I like Rick Santorum, I really do – but…. This morning I tried to ease up on him a bit, even give him some advice:
One, he was confused about the words “theology” and “moral values.” Secondly, he was really trying to make a point about the HHS ruling (“oppressing religious freedom”) not attack Obama on theological grounds. I can see this. A devout Roman Catholic, confronted with an Evangelical audience, might stumble over “Evangospeak,” the word he was probably wanting is “worldview.”
If his appearance on “Face The Nation” not too long after publication of that advice is any measure, he tried to take said advice. Here is the total exchange on religion:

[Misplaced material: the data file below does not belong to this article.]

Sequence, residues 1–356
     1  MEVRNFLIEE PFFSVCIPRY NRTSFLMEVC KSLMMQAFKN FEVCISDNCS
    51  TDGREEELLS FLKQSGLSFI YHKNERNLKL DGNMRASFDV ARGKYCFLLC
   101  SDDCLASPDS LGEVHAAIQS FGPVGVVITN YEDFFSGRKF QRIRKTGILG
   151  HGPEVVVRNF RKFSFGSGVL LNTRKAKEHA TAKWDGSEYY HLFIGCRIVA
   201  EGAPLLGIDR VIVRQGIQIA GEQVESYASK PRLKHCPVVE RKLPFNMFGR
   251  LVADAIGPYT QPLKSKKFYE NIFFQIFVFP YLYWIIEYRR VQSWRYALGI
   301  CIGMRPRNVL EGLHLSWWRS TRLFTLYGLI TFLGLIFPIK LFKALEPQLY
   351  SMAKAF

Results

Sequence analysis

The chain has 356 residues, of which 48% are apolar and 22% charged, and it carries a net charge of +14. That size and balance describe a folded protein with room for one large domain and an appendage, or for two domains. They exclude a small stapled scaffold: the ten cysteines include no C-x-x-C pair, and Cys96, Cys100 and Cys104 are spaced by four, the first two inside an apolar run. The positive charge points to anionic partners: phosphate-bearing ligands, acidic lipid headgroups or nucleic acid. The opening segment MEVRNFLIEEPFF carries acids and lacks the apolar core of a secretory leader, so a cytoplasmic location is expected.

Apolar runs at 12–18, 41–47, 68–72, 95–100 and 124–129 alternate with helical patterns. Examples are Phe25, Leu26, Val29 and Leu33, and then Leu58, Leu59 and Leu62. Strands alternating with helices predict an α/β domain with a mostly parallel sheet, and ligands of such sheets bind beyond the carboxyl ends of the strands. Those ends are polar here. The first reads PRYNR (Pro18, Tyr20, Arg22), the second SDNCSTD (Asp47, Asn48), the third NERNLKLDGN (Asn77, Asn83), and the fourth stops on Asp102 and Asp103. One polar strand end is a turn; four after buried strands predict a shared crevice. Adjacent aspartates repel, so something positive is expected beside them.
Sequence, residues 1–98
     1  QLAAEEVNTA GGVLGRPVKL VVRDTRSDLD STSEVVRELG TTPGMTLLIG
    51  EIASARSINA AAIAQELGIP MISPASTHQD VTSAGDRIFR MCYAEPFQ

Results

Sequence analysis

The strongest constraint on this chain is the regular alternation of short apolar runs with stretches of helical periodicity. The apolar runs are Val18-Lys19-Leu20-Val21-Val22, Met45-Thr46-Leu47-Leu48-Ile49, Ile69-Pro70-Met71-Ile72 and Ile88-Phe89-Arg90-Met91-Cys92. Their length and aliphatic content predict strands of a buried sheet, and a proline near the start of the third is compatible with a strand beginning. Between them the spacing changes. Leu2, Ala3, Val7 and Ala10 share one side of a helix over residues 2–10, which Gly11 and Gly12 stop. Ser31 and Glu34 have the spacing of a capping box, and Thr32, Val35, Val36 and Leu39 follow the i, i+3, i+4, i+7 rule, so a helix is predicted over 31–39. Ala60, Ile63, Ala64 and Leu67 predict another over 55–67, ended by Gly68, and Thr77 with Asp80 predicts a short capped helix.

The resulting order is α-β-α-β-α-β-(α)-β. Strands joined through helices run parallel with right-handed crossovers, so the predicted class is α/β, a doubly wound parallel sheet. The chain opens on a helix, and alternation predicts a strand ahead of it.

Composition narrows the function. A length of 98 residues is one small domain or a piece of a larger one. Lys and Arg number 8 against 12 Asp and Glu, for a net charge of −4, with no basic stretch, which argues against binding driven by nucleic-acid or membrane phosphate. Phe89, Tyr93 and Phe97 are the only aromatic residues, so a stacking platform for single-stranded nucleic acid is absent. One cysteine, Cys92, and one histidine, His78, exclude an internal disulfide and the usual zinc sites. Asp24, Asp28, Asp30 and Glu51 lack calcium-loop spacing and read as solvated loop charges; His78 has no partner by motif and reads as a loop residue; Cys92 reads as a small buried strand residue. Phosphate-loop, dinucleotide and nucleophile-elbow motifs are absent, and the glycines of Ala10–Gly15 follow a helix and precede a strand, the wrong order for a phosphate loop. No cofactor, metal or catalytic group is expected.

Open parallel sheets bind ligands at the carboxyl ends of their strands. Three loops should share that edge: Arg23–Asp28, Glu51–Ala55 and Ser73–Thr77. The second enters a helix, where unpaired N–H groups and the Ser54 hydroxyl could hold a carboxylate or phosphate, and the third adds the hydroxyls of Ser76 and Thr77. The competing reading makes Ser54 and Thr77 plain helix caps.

BOB SCHIEFFER: So, Senator, I’ve got to ask you. What– what in the world were you talking about, Sir?
RICK SANTORUM: Well, I was talking about the– the radical environmentalists. That’s why I was talking about energy, this– this idea that– that man is– is not– is here to serve the Earth as opposed to husband its resources and be good stewards of the Earth. And I think that is a– a– is a phony ideal. I don’t believe that that’s what– that’s what we’re here to do. That– we– that– that man is here to– to use the resources and use them wisely, to care for the Earth, to be a steward of the Earth. But we’re not here to serve the Earth. The Earth is not the objective. Man is the objective. And– and I think a lot of radical– a– a– a lot of radical environmentalists have it upside down.
BOB SCHIEFFER: Well, how does that translate into some sort of theology that the President’s theology–